If you look realistically at where Indonesia is going to be spending money from 2025 to 2030, where do you think it is going to be?
That is a very interesting question. First of all, there will be three stages of development. Number one will be investing more in renewable energy. We will be talking about the priority. For example, in terms of the usage of biomass, several cities and municipalities right now are still creating the final business case for the investment of waste.
The second one, in terms of the coal-fired power plants, they will become the current use of power generation. Eventually, some of the power generations are already approved, not being developed, and still will be developed within the next five to 10 years or 15 years down the line. Today, of course, from 2025 up to 2035, they will still be dependent on the coal-fired power plant that has already been planned.
What is your advice to any energy companies that are struggling due to the pandemic? Also, what is your take on ESG implementation in energy companies?
Number one, when we talk about the pandemic crisis in terms of the power situations, especially in Asia in particular, is that the power consumption goes down. In several countries, for example, China that goes on about 15 to 20%. Indonesia is about 11 to 15% of the consumption. When we talk about the fact moving forward, most of the power plant generation tried to step back in terms of the innovations and they are looking at ways how technology in the software digitalisation or AI is trying to be embedded within the day to day activities of managing the operation of the power generation. Both the generating power, the transmission, as well as the distribution.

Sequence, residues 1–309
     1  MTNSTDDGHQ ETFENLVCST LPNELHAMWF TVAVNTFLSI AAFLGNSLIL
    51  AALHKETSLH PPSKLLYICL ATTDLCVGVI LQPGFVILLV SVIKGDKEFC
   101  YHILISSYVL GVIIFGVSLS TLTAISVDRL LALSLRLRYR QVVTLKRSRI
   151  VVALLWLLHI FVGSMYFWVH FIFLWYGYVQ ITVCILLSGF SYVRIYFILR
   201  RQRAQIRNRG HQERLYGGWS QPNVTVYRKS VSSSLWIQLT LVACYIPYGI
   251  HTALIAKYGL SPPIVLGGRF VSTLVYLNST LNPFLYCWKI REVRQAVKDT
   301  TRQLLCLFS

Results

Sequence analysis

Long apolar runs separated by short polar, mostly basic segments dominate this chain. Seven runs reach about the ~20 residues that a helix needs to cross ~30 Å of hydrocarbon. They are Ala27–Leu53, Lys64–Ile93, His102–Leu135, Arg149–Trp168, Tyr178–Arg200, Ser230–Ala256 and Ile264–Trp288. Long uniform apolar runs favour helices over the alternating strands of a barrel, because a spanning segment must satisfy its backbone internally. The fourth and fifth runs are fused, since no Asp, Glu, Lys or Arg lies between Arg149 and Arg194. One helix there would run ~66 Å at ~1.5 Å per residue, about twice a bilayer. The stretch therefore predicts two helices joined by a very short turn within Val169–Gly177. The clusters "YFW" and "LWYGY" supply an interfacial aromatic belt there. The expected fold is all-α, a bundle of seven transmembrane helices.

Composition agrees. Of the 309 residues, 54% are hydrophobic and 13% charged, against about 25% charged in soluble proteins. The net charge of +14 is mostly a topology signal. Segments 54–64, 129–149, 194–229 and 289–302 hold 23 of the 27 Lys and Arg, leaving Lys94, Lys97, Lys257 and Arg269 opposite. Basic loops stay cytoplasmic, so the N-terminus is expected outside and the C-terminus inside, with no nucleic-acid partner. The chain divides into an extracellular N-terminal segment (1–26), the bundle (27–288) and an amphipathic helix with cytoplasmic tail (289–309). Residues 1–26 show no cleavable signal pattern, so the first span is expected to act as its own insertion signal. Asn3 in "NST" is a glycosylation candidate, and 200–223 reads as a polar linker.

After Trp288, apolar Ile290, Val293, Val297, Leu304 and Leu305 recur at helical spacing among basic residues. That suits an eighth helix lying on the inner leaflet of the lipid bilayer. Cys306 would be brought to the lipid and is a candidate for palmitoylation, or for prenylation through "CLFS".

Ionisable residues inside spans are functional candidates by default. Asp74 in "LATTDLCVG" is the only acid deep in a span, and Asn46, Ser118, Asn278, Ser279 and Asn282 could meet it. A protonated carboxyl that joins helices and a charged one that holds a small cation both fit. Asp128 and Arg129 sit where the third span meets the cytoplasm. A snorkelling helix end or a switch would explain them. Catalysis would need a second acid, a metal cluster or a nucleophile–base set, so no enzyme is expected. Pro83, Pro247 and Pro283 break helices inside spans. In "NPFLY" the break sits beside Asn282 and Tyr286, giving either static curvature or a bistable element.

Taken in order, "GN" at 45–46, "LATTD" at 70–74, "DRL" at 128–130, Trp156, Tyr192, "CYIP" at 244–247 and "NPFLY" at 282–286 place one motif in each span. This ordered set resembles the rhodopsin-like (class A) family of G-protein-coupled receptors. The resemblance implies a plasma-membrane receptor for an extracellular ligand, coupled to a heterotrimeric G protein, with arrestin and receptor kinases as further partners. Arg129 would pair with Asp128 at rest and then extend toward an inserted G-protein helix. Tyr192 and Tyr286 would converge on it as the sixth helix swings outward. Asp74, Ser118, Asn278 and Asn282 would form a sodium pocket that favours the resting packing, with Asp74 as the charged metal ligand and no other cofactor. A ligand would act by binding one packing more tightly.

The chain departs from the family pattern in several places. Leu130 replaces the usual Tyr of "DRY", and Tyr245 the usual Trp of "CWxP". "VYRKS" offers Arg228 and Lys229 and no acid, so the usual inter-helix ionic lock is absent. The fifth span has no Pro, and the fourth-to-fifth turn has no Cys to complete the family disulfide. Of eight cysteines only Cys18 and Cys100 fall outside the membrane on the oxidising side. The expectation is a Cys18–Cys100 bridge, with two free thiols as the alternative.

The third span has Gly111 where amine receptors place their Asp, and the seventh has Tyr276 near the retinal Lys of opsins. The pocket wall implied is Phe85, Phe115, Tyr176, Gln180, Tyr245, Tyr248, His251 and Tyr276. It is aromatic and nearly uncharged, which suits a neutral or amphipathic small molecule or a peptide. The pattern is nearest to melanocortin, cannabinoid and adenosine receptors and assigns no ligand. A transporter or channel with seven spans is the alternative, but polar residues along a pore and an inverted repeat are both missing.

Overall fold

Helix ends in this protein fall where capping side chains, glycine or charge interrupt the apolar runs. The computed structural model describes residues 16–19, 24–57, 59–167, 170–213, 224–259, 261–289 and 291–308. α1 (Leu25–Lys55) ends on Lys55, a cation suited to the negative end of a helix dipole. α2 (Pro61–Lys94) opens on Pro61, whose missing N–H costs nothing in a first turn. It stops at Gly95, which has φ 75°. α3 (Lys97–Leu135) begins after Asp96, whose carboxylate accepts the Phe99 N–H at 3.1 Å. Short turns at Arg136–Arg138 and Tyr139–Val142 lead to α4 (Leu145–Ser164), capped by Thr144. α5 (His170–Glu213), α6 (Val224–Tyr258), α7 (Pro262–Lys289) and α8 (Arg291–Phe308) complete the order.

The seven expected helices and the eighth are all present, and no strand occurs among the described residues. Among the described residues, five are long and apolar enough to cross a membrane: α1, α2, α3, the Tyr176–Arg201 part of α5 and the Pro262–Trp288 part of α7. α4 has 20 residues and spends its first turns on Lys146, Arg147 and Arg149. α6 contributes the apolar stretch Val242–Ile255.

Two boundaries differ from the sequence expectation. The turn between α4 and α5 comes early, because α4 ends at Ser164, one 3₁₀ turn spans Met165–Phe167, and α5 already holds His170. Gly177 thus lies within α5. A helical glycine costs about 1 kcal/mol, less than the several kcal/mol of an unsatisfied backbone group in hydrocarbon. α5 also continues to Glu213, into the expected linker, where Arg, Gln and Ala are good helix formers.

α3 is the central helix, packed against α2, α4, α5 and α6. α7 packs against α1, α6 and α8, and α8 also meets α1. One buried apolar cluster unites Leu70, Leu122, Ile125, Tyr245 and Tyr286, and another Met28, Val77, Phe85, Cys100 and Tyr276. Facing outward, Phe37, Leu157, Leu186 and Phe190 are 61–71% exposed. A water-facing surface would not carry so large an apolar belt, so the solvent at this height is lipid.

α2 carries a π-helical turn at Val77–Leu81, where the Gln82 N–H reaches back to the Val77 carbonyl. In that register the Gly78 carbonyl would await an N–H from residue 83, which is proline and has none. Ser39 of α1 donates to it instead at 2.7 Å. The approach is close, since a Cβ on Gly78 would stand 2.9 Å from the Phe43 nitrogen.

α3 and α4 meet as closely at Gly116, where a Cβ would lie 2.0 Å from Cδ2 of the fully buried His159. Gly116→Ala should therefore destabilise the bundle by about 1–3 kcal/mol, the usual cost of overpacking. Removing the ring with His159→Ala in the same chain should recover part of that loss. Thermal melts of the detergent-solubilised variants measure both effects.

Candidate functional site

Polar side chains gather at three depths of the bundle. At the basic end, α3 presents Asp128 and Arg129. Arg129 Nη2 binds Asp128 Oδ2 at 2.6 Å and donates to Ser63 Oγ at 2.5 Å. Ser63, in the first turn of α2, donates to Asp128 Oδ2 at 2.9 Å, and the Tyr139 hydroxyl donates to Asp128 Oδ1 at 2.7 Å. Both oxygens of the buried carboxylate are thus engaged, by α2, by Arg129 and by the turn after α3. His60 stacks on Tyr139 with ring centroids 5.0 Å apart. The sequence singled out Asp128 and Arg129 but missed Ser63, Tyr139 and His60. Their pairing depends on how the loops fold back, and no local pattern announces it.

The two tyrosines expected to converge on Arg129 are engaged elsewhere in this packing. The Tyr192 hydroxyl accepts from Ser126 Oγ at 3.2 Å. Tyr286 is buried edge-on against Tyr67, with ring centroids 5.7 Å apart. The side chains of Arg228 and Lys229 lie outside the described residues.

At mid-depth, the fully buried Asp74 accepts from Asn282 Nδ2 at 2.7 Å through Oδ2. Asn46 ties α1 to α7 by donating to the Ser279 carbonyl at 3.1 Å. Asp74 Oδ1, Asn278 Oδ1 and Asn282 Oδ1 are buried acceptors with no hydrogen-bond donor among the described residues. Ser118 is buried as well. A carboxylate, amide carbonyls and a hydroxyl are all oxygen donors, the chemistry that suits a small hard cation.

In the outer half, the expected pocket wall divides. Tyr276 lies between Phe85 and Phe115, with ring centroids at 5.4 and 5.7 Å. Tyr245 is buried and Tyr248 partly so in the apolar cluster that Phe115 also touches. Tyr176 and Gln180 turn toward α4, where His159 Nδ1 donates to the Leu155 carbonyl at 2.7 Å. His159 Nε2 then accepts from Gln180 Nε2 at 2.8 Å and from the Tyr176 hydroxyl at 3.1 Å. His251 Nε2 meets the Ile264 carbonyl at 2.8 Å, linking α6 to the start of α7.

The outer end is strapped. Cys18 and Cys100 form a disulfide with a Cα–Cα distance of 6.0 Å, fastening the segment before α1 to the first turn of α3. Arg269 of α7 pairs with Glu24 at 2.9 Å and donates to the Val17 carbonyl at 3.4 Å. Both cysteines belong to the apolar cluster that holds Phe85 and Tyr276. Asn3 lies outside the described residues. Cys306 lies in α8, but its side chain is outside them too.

I have seen many companies during the pandemic that keep innovating, in terms of how to bring the cost down. Because the utilisation is being reduced, through technology innovation, they can try and make a more effective and efficient way in terms of cost operations. I think the pandemic, on the other side of the coin, is impacting several companies to be more creative and to be more agile in terms of how they can adapt to the current condition.
Second, when we talk about the current pandemic situation. We have seen that several kinds of gaps, mostly from the Asia market, for example, China, India, or even Indonesia, are shutting down several coal-fired power plants during the pandemic.
At this moment, I think this is the uptick to the bearish condition of the consumption, which slightly impacts the rise of the price because of the rising demand of the coal-fired plant being activated during this post-pandemic situation. The reactivation of the coal-fired power plant at this time will be more conscious. Meaning to say that they’ve already done implicit official and how to be more cautious in terms of the operational efficiency of the business.
The idea of the day, is we are simply providing a cleaner solution within the context of the current energy source that we are using.
When we are talking about the ESG, from the environmental standpoint, this pandemic will become one of the major transformations for several countries in particular in Asia to learn and to discuss more on how renewable investment will become more visible in the near future.
Does this include telecom markets?
Yes, we did cover the telecom market at the YCP Solidiance. The technology right now when we are talking about the transitions of high-speed telecommunication for 5G. This certainly will impact the overall way of doing business, in particular, within the energy sectors. Digitalisation, as well as AI-based technology, will be eventually done. They will be used in terms of the day to day business.
At least when we talk about Indonesia, the usage of industrial automation is one of the initiatives to improve all the operational efficiencies within the power generating business as well as other industrial manufacturers.